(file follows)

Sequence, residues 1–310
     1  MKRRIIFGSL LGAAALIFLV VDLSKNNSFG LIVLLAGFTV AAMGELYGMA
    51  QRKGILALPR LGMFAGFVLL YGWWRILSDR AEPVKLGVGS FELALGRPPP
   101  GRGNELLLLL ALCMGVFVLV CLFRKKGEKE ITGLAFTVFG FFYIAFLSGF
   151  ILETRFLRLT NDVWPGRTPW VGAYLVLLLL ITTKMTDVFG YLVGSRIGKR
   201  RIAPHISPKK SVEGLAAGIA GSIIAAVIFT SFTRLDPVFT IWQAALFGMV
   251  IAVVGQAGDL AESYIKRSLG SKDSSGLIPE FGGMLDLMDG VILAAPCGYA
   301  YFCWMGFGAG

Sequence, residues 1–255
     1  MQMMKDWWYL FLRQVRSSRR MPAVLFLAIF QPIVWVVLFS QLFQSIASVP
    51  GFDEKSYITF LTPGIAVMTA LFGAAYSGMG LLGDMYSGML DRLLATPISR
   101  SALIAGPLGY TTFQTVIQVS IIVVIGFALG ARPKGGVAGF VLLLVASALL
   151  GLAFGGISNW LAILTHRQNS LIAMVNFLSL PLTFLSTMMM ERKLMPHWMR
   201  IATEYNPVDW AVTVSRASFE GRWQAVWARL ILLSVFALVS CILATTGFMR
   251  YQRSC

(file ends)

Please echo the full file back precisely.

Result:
Sequence, residues 1–310
     1  MKRRIIFGSL LGAAALIFLV VDLSKNNSFG LIVLLAGFTV AAMGELYGMA
    51  QRKGILALPR LGMFAGFVLL YGWWRILSDR AEPVKLGVGS FELALGRPPP
   101  GRGNELLLLL ALCMGVFVLV CLFRKKGEKE ITGLAFTVFG FFYIAFLSGF
   151  ILETRFLRLT NDVWPGRTPW VGAYLVLLLL ITTKMTDVFG YLVGSRIGKR
   201  RIAPHISPKK SVEGLAAGIA GSIIAAVIFT SFTRLDPVFT IWQAALFGMV
   251  IAVVGQAGDL AESYIKRSLG SKDSSGLIPE FGGMLDLMDG VILAAPCGYA
   301  YFCWMGFGAG

Sequence, residues 1–255
     1  MQMMKDWWYL FLRQVRSSRR MPAVLFLAIF QPIVWVVLFS QLFQSIASVP
    51  GFDEKSYITF LTPGIAVMTA LFGAAYSGMG LLGDMYSGML DRLLATPISR
   101  SALIAGPLGY TTFQTVIQVS IIVVIGFALG ARPKGGVAGF VLLLVASALL
   151  GLAFGGISNW LAILTHRQNS LIAMVNFLSL PLTFLSTMMM ERKLMPHWMR
   201  IATEYNPVDW AVTVSRASFE GRWQAVWARL ILLSVFALVS CILATTGFMR
   251  YQRSC